Torch Review

Your inside guide to what’s good and what’s just awful

Few surprises are quite as nice as the discovery of a good local band, and The Turnips are about as fine an example as there is.

They’re crafters of rootsy folk rock that can be raucous, gentle and have numerous levels of fun in between. On their recent self-titled album, between the crackly good time and jaunty piano of “Good Love” to light-hearted send-off “Shadowsphere,” the Turnips deliver ten tracks showcasing an ability to dabble in numerous related styles successfully.

That’s not to say the album’s perfect. While most of the songs are at least pleasant, a few seem to trickle by. However, these are made up for by a number of great songs. The raucous, finagling guitar fun of “Wear A Crown” is fast-paced and infectious, a song that’s hard not to love.  “Find My Voice” proves to be another fine discovery, strung together with some delicate strumming and the track’s big, brash choruses.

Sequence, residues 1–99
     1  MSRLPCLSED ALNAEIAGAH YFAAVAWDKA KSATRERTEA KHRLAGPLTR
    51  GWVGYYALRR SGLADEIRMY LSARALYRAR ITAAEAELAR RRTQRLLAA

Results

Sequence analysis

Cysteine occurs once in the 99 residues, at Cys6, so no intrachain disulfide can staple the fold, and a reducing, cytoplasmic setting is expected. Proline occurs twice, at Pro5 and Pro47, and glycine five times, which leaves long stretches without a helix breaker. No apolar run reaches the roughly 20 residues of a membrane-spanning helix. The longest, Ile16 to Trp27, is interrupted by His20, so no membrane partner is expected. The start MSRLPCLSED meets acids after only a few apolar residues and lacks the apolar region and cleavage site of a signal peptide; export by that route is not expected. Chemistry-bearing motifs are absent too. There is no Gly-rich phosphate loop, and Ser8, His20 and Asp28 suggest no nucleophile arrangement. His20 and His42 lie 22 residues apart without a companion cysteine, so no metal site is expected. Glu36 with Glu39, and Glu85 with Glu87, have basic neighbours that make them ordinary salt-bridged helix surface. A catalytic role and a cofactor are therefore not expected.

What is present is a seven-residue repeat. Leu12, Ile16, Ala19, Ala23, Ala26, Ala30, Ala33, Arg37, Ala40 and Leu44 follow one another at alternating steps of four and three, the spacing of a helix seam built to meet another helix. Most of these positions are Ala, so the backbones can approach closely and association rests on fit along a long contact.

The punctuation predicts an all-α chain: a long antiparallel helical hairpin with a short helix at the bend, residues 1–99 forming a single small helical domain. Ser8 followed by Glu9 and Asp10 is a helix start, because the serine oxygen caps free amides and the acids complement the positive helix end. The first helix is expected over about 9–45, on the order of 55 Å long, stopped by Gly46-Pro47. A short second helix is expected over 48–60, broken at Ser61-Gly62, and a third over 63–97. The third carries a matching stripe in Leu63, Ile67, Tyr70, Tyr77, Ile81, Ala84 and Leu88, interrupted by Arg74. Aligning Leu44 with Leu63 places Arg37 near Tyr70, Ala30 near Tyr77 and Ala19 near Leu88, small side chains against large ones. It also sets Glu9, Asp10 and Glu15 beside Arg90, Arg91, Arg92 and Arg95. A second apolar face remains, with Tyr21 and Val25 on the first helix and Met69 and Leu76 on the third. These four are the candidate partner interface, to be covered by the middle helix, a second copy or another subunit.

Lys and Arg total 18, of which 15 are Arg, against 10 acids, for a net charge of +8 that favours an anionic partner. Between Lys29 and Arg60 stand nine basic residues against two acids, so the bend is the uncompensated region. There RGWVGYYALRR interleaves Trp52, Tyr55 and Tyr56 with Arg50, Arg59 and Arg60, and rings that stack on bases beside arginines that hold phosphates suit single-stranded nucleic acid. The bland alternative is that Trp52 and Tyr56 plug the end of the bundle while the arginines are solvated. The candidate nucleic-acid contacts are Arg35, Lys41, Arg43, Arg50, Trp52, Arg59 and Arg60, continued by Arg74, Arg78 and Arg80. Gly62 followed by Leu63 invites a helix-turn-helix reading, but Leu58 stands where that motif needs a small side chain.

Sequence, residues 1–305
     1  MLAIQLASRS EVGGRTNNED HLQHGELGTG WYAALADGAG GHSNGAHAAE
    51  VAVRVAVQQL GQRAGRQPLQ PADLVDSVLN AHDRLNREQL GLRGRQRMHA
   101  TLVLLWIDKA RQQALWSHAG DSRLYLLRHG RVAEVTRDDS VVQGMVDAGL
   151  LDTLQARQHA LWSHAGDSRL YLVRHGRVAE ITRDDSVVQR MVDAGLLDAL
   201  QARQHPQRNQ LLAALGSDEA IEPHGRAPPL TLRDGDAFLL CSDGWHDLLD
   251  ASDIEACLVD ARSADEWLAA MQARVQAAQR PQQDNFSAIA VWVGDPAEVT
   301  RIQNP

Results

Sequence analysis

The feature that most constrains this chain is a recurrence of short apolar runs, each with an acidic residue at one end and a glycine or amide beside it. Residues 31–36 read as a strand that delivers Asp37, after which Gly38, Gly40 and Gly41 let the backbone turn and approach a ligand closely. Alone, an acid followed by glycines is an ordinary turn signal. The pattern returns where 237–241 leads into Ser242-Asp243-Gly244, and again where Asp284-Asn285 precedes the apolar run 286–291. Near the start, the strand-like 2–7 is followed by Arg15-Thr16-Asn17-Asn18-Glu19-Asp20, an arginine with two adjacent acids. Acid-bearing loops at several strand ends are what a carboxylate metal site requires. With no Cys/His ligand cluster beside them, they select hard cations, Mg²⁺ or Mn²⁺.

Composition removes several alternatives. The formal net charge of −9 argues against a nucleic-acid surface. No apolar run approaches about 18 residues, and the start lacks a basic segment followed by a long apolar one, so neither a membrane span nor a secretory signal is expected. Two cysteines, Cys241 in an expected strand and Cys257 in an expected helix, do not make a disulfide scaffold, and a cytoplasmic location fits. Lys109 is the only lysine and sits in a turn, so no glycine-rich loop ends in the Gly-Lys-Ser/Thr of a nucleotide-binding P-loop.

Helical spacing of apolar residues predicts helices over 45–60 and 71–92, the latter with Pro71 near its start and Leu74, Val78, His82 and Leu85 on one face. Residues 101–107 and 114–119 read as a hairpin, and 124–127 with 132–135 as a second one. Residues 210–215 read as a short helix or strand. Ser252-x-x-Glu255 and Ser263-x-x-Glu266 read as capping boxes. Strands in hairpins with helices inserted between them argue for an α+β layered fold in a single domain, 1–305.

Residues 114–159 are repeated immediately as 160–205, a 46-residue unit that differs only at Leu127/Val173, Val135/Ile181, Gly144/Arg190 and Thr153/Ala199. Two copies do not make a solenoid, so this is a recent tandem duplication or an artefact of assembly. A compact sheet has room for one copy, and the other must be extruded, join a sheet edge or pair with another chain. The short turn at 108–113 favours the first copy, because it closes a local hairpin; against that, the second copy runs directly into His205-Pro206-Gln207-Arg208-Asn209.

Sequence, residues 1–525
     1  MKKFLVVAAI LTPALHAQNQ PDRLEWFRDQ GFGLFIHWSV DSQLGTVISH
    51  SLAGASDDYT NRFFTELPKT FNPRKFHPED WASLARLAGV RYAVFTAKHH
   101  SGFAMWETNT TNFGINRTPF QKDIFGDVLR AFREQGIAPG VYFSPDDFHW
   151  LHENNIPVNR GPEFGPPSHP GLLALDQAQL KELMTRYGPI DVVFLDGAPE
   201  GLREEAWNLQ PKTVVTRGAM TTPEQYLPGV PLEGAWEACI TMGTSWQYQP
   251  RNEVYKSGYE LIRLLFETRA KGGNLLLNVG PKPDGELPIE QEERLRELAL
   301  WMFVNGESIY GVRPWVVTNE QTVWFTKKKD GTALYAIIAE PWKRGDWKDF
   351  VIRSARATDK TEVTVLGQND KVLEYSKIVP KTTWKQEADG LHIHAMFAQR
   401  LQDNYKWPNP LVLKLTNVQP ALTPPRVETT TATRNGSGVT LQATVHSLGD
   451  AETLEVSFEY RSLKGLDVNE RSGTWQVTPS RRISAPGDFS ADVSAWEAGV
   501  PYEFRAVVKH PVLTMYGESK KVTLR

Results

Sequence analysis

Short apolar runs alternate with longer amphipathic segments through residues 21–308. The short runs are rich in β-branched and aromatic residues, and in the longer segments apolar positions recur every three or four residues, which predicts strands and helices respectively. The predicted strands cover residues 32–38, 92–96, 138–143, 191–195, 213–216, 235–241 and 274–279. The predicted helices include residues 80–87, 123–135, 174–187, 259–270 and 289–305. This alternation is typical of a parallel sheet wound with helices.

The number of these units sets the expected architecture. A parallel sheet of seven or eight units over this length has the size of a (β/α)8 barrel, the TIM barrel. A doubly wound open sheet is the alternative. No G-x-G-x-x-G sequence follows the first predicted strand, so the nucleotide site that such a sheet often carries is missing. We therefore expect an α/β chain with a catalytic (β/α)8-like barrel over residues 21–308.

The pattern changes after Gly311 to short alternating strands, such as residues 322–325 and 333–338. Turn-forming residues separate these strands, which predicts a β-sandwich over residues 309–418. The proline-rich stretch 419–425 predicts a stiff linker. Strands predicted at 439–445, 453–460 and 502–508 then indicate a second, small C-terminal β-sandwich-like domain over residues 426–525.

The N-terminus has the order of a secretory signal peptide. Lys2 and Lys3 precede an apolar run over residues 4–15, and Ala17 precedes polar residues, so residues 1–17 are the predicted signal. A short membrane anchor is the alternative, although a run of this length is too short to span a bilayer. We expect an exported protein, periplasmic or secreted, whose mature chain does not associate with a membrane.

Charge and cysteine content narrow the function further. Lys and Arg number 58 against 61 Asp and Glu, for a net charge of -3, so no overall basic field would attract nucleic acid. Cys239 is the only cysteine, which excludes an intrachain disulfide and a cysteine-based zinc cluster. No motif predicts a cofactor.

The Turnips prove they can scale it back quite well, too. Chill, mid-album jam “Joy to the Wicked” proves this, but even more so does “Morning Without You.” A surprising late gem, its a disarmingly lovely lullaby that contributes a good amount to both the depth and variety of the album.

“The Turnips” is also an album riddled with soul, sometimes interspersed with a bit of hip-swinging vigor and jazz, such as on the swooning throwback “Love is Just a Song I Sing.” It’s a promising creation with far more hills than valleys, and a good balance of the fun and the halcyon; overall, a quality piece from a band we can likely see every month.